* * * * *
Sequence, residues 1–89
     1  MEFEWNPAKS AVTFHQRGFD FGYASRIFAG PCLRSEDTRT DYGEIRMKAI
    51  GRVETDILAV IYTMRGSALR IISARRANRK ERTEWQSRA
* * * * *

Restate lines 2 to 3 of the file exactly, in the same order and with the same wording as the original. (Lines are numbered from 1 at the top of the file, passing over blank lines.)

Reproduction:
     1  MEFEWNPAKS AVTFHQRGFD FGYASRIFAG PCLRSEDTRT DYGEIRMKAI
    51  GRVETDILAV IYTMRGSALR IISARRANRK ERTEWQSRA